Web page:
“Well, I’ve gained some weight and I have two stents now.”
In an NBA world full of Armani suits and Escalades, Clifford is still habitually working-class. The players needle him constantly about still driving an old Honda. He recently did a pregame television interview in Washington with three coffee stains across the chest of his dress shirt.
“You noticed that!” he tells a reporter with a guffaw. “Happened on the bus to the arena. Couldn’t be fixed.”
The players love his good humor.
“He’s just a great person first of all. Everyone gets along with him,” said point guard Kemba Walker.
Don’t confuse that popularity with Clifford being a pushover. Clifford can rage, swear and scream when the moment calls for it without it getting personal. Owner Michael Jordan said he had to fire Dunlap after one season because the players weren’t responding to his approach. This is different.
“That’s pretty hard to do as a coach. He holds everyone accountable, but at the same time we have our respect for him,” Walker said.
“We know him as both a person and as a coach. If he has to get into you, then you know you did something wrong. He’s been in this league for a long time, seen a lot.”
Clifford is a very visual teacher. There’s a story he tells about his early interaction with Walker, when they were discussing how to make him more effective in the pick-and-roll.
Clifford showed Walker a video montage of plays from the previous season without comment. Walker had an epiphany, shouting out, “I never pass the ball!”
Precisely the message Clifford was sending.
“It’s an ‘I know it when I see it’ thing,” Clifford said. “If you just tell someone something, it can come off as vague. If you show three clips, it’s a lot easier to make a point.”
Miami Heat coach Erik Spoelstra was asked in December how the Bobcats are different under Clifford. Spoelstra replied they always played hard, but now they’re “organized.”
That organization is a function of simplicity. The defense doesn’t have a lot of gimmicks. But there are a few foundations – always get back in transition, don’t give up points at the rim, guard without excessive fouls – that Clifford labeled non-negotiable from the day he arrived in Charlotte.
Henderson likes that directness:
“He’ll say, ‘This is the player I need you to be’ or ‘This is the player we can’t have,’ “ Henderson said.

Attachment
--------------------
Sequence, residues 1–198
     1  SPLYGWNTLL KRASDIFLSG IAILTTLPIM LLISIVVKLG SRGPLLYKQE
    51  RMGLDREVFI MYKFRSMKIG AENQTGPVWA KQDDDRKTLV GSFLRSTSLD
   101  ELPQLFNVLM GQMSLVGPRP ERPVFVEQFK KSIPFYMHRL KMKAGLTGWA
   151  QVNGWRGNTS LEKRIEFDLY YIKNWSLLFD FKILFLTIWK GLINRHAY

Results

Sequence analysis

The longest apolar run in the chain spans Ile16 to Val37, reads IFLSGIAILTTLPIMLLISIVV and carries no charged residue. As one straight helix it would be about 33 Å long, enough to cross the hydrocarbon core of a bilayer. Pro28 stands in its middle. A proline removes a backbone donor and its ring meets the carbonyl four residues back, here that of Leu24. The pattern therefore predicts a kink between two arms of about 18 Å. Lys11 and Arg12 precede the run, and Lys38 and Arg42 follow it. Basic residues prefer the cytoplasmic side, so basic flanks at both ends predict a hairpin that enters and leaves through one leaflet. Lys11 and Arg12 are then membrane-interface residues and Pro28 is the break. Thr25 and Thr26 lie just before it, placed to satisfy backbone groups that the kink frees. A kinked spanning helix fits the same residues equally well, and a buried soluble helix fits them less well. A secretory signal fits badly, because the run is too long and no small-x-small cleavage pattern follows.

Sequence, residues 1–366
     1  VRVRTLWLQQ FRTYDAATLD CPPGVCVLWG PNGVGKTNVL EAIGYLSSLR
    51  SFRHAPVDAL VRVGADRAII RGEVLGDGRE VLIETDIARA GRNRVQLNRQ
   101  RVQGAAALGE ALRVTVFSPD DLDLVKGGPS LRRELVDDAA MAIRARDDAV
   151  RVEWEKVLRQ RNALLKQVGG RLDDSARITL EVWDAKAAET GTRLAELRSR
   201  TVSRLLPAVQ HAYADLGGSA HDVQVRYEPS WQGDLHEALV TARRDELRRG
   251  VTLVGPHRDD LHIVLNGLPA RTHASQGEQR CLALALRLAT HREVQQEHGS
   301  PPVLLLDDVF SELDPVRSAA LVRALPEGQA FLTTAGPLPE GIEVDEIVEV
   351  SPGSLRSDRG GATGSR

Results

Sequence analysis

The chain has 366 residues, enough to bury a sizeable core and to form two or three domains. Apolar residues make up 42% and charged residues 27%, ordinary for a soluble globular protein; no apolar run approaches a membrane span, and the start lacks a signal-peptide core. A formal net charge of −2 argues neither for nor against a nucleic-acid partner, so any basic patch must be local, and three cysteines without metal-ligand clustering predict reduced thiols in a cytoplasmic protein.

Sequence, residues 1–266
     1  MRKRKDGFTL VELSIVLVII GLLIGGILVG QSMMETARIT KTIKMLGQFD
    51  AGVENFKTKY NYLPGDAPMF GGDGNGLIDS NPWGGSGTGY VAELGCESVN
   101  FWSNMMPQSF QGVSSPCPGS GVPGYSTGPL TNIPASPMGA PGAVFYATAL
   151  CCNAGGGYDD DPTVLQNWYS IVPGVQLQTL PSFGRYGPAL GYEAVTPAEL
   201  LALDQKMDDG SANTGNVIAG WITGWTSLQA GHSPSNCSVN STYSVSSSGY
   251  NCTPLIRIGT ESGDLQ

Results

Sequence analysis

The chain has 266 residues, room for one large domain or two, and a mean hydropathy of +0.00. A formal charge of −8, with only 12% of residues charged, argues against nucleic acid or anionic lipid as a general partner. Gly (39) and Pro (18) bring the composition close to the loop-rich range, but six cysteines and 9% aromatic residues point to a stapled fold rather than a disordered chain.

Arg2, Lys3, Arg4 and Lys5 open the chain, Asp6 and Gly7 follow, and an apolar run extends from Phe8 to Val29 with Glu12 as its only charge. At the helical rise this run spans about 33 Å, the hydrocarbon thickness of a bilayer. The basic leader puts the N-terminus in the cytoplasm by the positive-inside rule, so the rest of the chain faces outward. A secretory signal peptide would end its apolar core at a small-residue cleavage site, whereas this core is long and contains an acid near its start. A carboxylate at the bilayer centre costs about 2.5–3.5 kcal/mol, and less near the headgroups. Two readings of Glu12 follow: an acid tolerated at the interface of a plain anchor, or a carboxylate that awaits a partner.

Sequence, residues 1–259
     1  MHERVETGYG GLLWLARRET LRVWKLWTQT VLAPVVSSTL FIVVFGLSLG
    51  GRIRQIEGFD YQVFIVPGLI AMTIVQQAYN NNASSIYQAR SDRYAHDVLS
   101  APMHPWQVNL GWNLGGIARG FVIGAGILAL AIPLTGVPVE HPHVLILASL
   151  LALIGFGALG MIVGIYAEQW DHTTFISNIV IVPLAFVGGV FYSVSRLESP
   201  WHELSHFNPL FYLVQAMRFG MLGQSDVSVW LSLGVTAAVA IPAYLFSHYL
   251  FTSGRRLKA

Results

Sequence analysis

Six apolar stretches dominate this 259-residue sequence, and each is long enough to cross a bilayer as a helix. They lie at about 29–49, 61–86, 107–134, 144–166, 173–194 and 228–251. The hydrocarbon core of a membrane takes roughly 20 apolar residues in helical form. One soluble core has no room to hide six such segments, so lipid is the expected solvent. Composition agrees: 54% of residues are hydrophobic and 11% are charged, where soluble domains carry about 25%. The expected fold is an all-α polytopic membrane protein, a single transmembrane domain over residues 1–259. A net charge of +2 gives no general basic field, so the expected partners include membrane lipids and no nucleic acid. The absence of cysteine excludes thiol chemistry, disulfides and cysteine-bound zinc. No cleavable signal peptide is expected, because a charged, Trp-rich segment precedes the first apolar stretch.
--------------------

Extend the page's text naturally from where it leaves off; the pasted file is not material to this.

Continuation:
“You get on a losing team, you get losing habits. Those habits add up to losing more if enough guys behave that way. You’ve got to change that culture and he did it right off the bat.”
There’s been a lot of drama attached to the Bobcats’ recent coaches. Brown would openly second-guess the front office. Silas had a physical confrontation with then-Bobcat Tyrus Thomas. Dunlap got furious when then-Bobcat Ben Gordon dropped a ball during a pregame walk-through.
Clifford is a no-drama guy. Henderson appreciates that.
“On certain things like getting back on defense (he’s a stickler). He’s worried about the game and playing,” Henderson said. “There’s a whole bunch of other B.S. you can be consumed by. Not him. If you’re late for the bus, you get fined. He’s not going to talk about it.”
Clifford often quotes something Jeff Van Gundy told him – that enforcing discipline is easy, playing with discipline is hard.
“They’re pro players. We pay them a lot of money. You’ve got to give them their due,” Clifford said.
Clifford said this first season has been simpler because of a veteran coaching staff: Associate coach Patrick Ewing and assistants Bob Beyer, Mark Price, Stephen Silas and Bob Weiss. They have the authority to address issues that never reach Clifford’s desk.
Other than guard Gary Neal sitting out a game for a team violation (it’s never become public what happened), it’s been a drama-free season.
This team might not have much margin for error, but it was consistent in performance. The only rough patch was in late December/early January, when they lost seven of eight. At no other time did they lose more than three in a row.
Now they’re being tested in a playoff series by the NBA champions. They’re down 2-0and at times the Heat has taken them out of their identity. The Bobcats finished the regular season having committed the fewest turnovers and fouls in the NBA. The two playoff losses have been full of turnovers and fouls.
Clifford keeps reminding players this team doesn’t have the offensive weapons to survive sloppy play. But he’s also not panicked over two losses to a greatly talented and well-coached team.
That might speak to what power forward Josh McRoberts likes best about Clifford – his patience. McRoberts says he’s innately impatient, so he respects that quality in the head coach. Here’s why:
“When you’re winning in the NBA, you think you’ll never lose. And when you’re losing you fear you’ll never win,” McRoberts said.
“No matter what was happening, he always kept us on-point and on even keel. That matters.”